The tongue is one sense organ that offers us a lot of information in this regard. Every night during sleep, the body undergoes a massive digestive and integration process, which produces natural metabolic wastes in the morning. As such, when we wake up we’ll see a coating of sorts on our tongue, along with “morning breath,” that we clean off with a tongue scraper and oil swishing as part of our dinacharya. However, we might notice interesting qualities in the coating of our tongue that reveals potential imbalances. A thicker coating at the back of the tongue might suggest constipation, for instance; a yellowish color to the tongue suggests excess heat somewhere in the system. Experiencing unusual tastes in the mouth, cravings, dryness, excessive thirst, and other tongue-based signs and symptoms might also point to a possible imbalance. You might not think to notice those things unless you were in the habit of looking at your tongue and noticing its state every day… and yet catching those early signs (and cleaning them off!) could save you from discomfort in the future.
Besides morning dinacharya, we can practice sense-care as a means of self-care throughout our days, curating a “diet” of sensory foods that are nutritious and pleasing. Ayurveda describes three ways that the senses can be imbalanced and cause disease: ayoga (under use), mityayoga (incorrect use), and atiyoga (overuse). Striking that just-right Goldilocks balance of sensory stimulation is a key to keeping the sense organs happy and healthy.
Ask yourself these questions about the sensory environment for where you eat, work, sleep, or otherwise spend meaningful time. Then, consider ways to adjust your sense diet to make those environments more pleasing and digestible:
Ears / Sound:
- Is there noise pollution or other irritating background noise in my space?
- Are the words I hear from others positive and reaffirming, or negative and insulting?
- What kind of self-talk is in my head?
- Is there space for quiet or is there nonstop noise?
Skin / Touch
- How do my clothes feel on my skin in different environments and situations?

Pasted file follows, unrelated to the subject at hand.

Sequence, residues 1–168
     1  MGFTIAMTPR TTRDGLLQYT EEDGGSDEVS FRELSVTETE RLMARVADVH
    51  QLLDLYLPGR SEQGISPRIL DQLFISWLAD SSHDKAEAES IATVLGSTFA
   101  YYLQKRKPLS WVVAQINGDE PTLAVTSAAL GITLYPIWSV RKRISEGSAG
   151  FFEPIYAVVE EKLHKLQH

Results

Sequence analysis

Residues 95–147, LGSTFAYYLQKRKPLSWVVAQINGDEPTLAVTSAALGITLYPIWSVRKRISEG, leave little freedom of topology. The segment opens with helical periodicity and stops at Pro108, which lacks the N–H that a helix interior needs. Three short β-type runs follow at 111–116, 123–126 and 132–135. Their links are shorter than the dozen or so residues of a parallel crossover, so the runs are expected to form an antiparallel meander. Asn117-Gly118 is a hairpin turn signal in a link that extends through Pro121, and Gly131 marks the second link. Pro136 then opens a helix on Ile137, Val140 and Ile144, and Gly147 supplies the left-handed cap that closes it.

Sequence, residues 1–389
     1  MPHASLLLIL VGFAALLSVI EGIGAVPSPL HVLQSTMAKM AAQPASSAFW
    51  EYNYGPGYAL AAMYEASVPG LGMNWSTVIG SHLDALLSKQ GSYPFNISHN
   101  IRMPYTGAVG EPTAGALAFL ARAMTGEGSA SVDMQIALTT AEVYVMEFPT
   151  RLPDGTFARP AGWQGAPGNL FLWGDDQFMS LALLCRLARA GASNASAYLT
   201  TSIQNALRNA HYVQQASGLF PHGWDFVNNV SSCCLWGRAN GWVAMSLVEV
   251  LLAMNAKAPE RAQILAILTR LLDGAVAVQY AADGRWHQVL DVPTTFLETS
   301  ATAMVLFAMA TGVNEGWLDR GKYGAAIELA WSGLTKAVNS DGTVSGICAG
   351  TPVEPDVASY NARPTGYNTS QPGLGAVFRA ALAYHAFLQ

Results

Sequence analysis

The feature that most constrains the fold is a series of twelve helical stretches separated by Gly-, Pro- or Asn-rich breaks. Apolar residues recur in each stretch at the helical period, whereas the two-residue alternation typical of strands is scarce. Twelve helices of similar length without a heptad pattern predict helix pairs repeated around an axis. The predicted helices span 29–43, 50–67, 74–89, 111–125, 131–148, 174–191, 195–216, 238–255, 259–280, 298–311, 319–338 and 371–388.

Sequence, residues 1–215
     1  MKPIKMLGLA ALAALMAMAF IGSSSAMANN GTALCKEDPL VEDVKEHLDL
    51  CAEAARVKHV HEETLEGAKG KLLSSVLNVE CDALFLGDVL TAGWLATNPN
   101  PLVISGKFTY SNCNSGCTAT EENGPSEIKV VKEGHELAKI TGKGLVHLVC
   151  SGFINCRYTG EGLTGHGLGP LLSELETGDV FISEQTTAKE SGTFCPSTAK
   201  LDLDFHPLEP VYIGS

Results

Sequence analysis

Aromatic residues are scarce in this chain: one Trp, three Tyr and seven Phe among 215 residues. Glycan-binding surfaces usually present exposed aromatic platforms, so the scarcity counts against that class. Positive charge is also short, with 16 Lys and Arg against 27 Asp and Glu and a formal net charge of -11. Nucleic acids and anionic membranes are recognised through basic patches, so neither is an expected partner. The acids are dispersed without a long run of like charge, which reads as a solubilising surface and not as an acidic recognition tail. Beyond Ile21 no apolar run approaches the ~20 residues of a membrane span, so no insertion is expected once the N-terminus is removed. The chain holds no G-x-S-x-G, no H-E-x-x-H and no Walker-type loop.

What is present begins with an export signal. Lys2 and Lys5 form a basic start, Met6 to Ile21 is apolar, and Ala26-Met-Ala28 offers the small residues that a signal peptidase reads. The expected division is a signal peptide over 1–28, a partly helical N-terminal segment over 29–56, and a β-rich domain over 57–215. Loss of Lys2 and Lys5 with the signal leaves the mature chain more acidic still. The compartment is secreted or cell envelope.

- Is the temperature of the room comfortable or distractingly hot or cold?
- What kinds of objects or products does my body interact with—chairs, carpets, bedding—and do they feel good?
- Would/could I eat the products I put on my skin (bath products, makeup, etc.)?
Eyes / Sight
- What colors are in the spaces I occupy? How do they make me feel?
- What kind of art or other imagery am I exposed to daily, especially while doing work, eating, or other activities that require my attention?
- Is the space I’m in neat and orderly (which doesn’t mean empty), or is it cluttered and chaotic?
- Do I have appropriate lighting in my space?
- How much time do I spend on devices and with artificial light when it is dark outside (morning and evening)?
- What is the first kind of light my eyes come in contact with in the morning, and the last before bed?
Tongue / Taste
- Which of the six tastes do I eat most frequently? In what food forms?
- How does my food make me feel—emotionally and physically?
- Do I eat while multitasking?
- What food cravings do I have often or at the moment? Is it a true physical craving (from a nutrient deficiency) or an emotional craving?
- How often do I feel hungry and thirsty? Do I satisfy those messages in a timely way?
- Is there an abnormal coating on my tongue in the morning?
- Do I make time for pleasurable experiences that suit my “tastes” in art, music, people, etc?
Nose / Smell
- What odors and aromas do I smell in my space? How do they make me feel, physically and emotionally?
- Does my body have an unusual or unpleasant aroma—and do I try to cover it up with something?
- Which smells irritate me, and which ones appeal to me (in products, foods, plants, people…)?
- Which smells elicit memories for me, positive/negative/neutral?
Although it’s not always possible to create an ideal setting that will perfectly satisfy all our senses, choosing one thing to care for each of your senses each day is a good place to start. The classical dinacharya is one way in, but the possibilities are as endless as our individual tastes! If you’re stuck, a guaranteed way to support balanced senses is actually removing stimuli rather than adding. Our world is not short on stimulation, and so taking a few minutes (5 is a great start) to shut the door, sit comfortably or lie down, close your eyes, and breathe is a powerful reset for the body-mind connection via the senses. More often than not, our senses are taking us out of ourselves, being consumed by whatever new sparkly object, post, or show designed to steal our attention. Sense-care is both a way to balance the whole body while reclaiming our precious attention, appreciating the riches of what we have right before our eyes—and ears, and mouth, and nose, and hands.
If you want to learn more about sense-care, my five-part online course, “Sense-Care is Self-Care”, offers a variety of tools to support personalized rituals for health maintenance and common imbalances.